His mother, Sonia, has seen herself as a dynastic bridge between her late husband and their son, just as Manmohan Singh has always said he would step aside as soon as Rahul decided to become prime minister. When he was first elected an MP in 2004, Rahul seemed to have some of the promise of his father, who was dragged into politics by his mother from a career as an airline pilot after Sanjay died. Though an inexperienced politician, Rajiv launched India on a path of long-term economic reforms in the 1980s.
Rahul Gandhi is good at mixing informally when he is on tour. "I come as a son and as a brother, and as a friend. Elections come and go, but I'll stay," he said while I was with him on the 2004 election trail in the family's traditional constituency of Amethi, a scruffy, underdeveloped town in the vast north Indian state of Uttar Pradesh.
He relaxed with crowds of desperately poor villagers, listening attentively, and they seemed to believe he cared and would help them. This was not just because he looked young and honest and sounded sincere, but because he looked and sounded like his father, who had been Amethi's MP.
For them, Rajiv had returned, 13 years after he was assassinated, and life might be good again. Like the villagers, I was struck by the similarities with his father. It wasn't just his looks—tallish, open-faced, good-looking, with short cropped hair and dressed in a traditional white kurta pajama that got crumpled as the day's heat wore on. It wasn't just that he spoke in the same quiet way, making brief remarks at election meetings because he had yet to master the rabble-rousing speeches that he now delivers. Like his father, he seemed to have the same passion to be of service to the country (a rare trait among modern politicians) and the same simple wish to try to help India change for the better.
Confirming that he was in politics for life, he told me, "What drives me in a big way is the need to tackle bigotry in India, bigotry that divides one caste and class from another.... I would like one day for everyone to perceive themselves as equal, not just upper castes seeing lower castes as equal but lower castes feeling that too.... I don't understand how we can talk about democracy when people don't see each other as equal."
That was 10 years ago, and he has not really progressed, though he has tried to reform some of the Congress Party's organization. The villagers in Amethi do not feel that he has stayed to help them. He is still their member of parliament, but he did little in the years after 2004, and his more astute and approachable sister, Priyanka, is now managing the constituency. He has spoken in similar terms in villages he has visited across the country, but he rarely if ever returns to check progress.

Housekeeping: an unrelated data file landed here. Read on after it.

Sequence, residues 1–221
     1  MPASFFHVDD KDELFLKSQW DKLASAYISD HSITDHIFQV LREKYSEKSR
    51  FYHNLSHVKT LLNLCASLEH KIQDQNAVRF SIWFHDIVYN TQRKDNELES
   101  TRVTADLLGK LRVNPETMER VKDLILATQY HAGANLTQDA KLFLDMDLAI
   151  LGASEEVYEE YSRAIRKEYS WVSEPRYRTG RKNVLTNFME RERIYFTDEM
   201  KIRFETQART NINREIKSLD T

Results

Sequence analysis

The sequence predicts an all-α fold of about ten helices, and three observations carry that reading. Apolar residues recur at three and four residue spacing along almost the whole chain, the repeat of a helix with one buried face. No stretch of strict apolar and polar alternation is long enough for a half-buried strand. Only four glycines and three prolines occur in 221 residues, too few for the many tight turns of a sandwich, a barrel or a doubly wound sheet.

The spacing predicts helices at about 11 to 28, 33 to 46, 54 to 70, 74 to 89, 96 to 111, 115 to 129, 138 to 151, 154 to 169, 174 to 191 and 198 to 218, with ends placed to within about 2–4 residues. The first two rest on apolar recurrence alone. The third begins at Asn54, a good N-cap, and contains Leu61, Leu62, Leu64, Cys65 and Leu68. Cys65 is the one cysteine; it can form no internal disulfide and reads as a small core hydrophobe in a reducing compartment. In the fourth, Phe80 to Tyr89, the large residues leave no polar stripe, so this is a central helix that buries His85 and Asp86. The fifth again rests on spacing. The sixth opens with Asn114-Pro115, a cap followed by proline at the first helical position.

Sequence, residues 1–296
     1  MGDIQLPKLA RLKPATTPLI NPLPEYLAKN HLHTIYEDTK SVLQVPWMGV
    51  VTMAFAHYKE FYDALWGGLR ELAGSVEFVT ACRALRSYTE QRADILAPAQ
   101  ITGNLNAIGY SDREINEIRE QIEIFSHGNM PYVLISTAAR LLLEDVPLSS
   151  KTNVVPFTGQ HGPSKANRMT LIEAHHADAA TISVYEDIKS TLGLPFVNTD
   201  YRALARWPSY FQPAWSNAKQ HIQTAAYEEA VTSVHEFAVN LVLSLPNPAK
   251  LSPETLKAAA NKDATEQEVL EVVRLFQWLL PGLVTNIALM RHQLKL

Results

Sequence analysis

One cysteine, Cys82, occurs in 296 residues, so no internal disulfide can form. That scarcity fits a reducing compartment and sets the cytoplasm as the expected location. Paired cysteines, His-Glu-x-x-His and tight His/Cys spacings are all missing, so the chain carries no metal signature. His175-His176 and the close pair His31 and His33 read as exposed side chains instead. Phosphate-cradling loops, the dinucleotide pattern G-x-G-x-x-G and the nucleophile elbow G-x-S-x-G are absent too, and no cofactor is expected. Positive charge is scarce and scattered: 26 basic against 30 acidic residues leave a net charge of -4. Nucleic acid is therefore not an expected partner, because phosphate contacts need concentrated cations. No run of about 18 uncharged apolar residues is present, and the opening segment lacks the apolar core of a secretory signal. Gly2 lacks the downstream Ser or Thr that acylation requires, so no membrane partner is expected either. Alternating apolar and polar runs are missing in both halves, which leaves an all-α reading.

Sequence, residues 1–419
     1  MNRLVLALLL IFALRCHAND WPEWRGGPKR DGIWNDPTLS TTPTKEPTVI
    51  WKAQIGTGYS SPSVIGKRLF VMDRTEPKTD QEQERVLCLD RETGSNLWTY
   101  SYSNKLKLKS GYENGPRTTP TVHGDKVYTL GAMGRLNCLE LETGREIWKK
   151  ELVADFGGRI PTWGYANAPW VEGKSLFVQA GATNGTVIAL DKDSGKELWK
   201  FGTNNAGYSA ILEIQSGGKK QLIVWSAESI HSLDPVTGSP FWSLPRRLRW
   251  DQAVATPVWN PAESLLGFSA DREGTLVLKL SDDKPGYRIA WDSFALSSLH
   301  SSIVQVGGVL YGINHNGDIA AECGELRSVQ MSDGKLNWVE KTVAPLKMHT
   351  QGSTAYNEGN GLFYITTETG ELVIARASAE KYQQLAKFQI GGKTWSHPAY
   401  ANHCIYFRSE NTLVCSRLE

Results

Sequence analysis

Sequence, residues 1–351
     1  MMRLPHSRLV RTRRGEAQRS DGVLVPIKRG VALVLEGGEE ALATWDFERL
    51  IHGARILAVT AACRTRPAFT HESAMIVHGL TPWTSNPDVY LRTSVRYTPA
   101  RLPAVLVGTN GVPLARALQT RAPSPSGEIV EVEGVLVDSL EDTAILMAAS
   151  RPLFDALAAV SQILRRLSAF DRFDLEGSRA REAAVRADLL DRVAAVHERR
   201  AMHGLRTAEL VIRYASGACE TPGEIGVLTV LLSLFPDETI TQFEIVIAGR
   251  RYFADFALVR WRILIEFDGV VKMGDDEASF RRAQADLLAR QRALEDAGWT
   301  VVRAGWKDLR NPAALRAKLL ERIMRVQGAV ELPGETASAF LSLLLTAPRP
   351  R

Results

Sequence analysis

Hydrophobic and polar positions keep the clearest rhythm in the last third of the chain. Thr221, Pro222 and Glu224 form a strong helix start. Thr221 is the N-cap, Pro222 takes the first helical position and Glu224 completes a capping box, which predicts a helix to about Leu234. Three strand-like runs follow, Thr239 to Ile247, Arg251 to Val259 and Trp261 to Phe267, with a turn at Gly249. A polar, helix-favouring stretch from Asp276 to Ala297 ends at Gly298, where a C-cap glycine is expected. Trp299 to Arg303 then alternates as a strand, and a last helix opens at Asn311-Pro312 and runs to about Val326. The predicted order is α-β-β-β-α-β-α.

Rahul dropped in on the remote tribal people in the hills of Orissa, in eastern India; they were threatened by a bauxite mining project, and he promised to support their case. The project was stopped, but not because of his visit. A year later, he jumped on a motorbike at 3:30 one morning and rode to Delhi's satellite city of Greater Noida to join villagers in a "sit-in" protest against real estate land acquisition. There, he got some of his facts wrong and was briefly arrested, but achieved nothing.
He has never married, though there have been girlfriends, and for years he has frequently disappeared from public view—sometimes, it is believed, with friends in India, often abroad and always shrouded in secrecy. He has failed to lead his party to victory in state election campaigns and shirked taking a top job until last year, when he became the party vice president.
Since then, he has applied himself more consistently to politics, but he continues to refuse to acknowledge that he will be prime minister if the Congress Party were to confound the forecasters and opinion polls and win the election. His face is the most prominent on the party's election manifesto, though, significantly, Sonia stepped in to lead at the manifesto launch's press conference to add more strength to the party's message than Rahul would have been able to do, even though he has been leading the election campaign.
In the past year, Rahul has been airing all the right ideas about the changes that India needs, but he does not add nuts and bolts of policy to give his words credibility. His aim, he said in a recent TV interview (his first since 2004), was to change the way the political system was structured, end rule by dynasties, introduce real democracy in the Congress Party, empower women and the young, punish the corrupt and build an internationally significant manufacturing industry.
No one could write a better shopping list. But Rahul failed to add substance. When pushed by the TV interviewer, he merely repeated the list.
He has indicated before that he wants to end dynastic rule. This logically means he could be the last in the Nehru Gandhi dynasty's line, though he has never spelled that out. He has, however, woken up too late to save his party from what looks like a crushing defeat.
John Elliott's book Implosion: India's Tryst With Reality has just been published by HarperCollins India.